BOSTON -- It wasn't just one thing.
The issues the Boston Bruins had against the Toronto Maple Leafs in the Game 1 of the Eastern Conference First Round ran the gamut, from a lack of urgency to lack of physicality to a lack of clean breakouts to poor puck management. Some came down to effort and some to execution.
And for the Bruins, it all needs to be cleaned up, and fast.
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"We didn't play a smart enough hockey game," Bruins coach Bruce Cassidy said. "We paid the price."
Fixing their issues was the goal at practice Friday ahead of Game 2 in the best-of-7 series at TD Garden on Saturday (8 p.m. ET; NBC, CBC, TVAS).
They knew they had to take a hard look at what had happened, and at themselves.
Cassidy said the Bruins were outcoached and outplayed. The Maple Leafs were better in just about every aspect of the game. Fixing that will take adjustments, which could include everything from simply getting back to the game that got them here to making some lineup changes.
Forward David Backes will play Saturday after being a healthy scratch in Game 1. Forward Jake DeBrusk was off the ice on Friday for a maintenance day and is a game-time decision.
Adding Backes, a slower but more physical player, might not seem to be the answer for a team that looked like it could not keep up to the faster Maple Leafs in Game 1. But Cassidy said being more physical might be the best way to slow them down.
"We made a decision that we had to check fast against Toronto," Cassidy said. "There's two ways to slow down [a fast team], either physically slow them down or you skate with them to slow them down. I thought we'd do a better job checking with our legs, skating, than we did last night."
Video: BOS@DET: Backes gives Bruins the lead with deflection
There's no question that Backes, who said he had a "couple days in a dark place" after he was told Monday that he wouldn't be in the lineup for Game 1, is ready to go. He said his style of play could be effective because speed isn't the only way to counter speed.
"If it were just timing guys on races between the blue lines, maybe I'm not in the top half of the guys that are in this series," Backes said. "But predictability makes guys look fast, and if you're on the same page and you're playing the same game and you're talking and you're communicating, you don't have to wait and read and react, you're already anticipating, you know what your linemate's going to do and you can be there already or on your way. Now, all of a sudden, slow guys look fast."
That's where he sees his impact could be.
"If we stick to our game plan or we're more predictable," Backes said, "we're getting pucks in the softer areas, in the corners, where they've got to break it out 30 times a game and they're eating a little bit of glass back there. Do they slow down themselves and all of a sudden we're occupying the offensive zone more?"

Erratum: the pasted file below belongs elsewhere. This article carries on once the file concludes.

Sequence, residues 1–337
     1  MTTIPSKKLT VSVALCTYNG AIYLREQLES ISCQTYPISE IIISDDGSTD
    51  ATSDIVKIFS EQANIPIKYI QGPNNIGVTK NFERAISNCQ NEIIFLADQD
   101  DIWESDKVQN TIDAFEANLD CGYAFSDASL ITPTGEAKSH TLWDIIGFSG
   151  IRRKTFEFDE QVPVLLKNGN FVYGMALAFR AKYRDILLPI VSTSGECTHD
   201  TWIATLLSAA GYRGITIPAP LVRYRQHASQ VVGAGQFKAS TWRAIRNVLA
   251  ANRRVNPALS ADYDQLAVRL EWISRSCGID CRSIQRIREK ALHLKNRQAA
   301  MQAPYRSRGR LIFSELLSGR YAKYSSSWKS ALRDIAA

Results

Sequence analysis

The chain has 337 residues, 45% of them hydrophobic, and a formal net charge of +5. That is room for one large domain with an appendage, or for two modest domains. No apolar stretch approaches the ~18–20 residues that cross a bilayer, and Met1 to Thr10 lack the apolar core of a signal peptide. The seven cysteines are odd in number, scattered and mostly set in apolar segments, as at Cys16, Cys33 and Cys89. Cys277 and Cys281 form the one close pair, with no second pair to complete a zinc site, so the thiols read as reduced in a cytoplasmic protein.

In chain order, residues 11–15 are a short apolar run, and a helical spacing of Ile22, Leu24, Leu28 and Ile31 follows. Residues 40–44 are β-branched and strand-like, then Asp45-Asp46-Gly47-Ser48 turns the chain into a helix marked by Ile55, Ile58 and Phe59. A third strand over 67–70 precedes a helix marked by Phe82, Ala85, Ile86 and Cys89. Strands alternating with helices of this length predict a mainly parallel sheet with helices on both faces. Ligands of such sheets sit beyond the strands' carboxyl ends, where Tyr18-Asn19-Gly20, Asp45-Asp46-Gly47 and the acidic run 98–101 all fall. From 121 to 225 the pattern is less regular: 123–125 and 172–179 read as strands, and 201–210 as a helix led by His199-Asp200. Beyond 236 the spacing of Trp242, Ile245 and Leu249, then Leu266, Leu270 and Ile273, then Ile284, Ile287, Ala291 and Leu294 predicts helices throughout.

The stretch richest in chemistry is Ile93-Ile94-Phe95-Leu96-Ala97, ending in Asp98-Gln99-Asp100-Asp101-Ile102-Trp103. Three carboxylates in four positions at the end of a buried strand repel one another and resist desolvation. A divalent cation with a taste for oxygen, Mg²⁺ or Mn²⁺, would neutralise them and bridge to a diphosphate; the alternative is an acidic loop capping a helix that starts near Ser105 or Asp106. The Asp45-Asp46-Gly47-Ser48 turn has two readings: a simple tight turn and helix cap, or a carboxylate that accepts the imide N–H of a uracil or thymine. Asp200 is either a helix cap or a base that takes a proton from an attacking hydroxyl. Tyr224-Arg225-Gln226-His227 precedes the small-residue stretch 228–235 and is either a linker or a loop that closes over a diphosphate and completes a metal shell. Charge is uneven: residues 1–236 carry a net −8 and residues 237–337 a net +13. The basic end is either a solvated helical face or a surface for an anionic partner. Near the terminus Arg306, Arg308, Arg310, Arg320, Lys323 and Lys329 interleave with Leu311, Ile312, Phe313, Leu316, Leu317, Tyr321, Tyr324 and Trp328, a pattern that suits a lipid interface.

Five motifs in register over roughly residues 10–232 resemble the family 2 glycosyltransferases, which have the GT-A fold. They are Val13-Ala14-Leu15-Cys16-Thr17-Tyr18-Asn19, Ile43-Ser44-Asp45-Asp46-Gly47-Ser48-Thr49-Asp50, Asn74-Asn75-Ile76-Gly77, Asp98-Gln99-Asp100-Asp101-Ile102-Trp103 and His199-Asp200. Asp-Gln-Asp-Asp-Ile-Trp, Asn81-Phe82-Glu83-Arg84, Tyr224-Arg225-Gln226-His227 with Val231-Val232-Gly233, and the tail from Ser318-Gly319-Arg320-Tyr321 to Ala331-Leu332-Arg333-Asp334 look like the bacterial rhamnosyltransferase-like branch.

It's something that he thinks could help the Bruins against the Maple Leafs, whether he is on the ice or sitting in the press box, as he was Thursday. It was one of the deficiencies that he saw in his observation of how the Bruins played in Game 1, even though Cassidy acknowledged that the Bruins did have players on the ice who could replicate that part of Backes' game, like forwards Chris Wagner or Noel Acciari, but they were not able to be effective in bringing it.
"Even the [Nazem] Kadri hit on DeBrusk, it's a physical hit. It's borderline," Cassidy said. "We need to get into that mode as well, put them off their game. And that's where the Acciaris and Wagners do bring some of that."
Cassidy saw moments from a few of his players, defensemen Charlie McAvoy and Connor Clifton among them. But it was an area in which he believed his team was missing something.
"The way I've always seen the League is over that seven games you can really wear and beat a team down … and what you do in Game 1 wears on them to Game 2 and 3 and 4, especially in a physicality manner," Backes said. "Maybe that's changed a little bit and I'm antiquated a bit, but they're a very skilled team, we're a very skilled team, and skill-on-skill they made the most of more of their opportunities than we did in Game 1 and they got the win."
There were many things that went wrong for the Bruins on Thursday. There are many corrections that need to be made. It remains to be seen whether, in the 48 hours between the final buzzer Thursday and puck drop Saturday, the Bruins can determine the correct combination to unlock their best while shutting down the Maple Leafs, before they're down 2-0 in the series.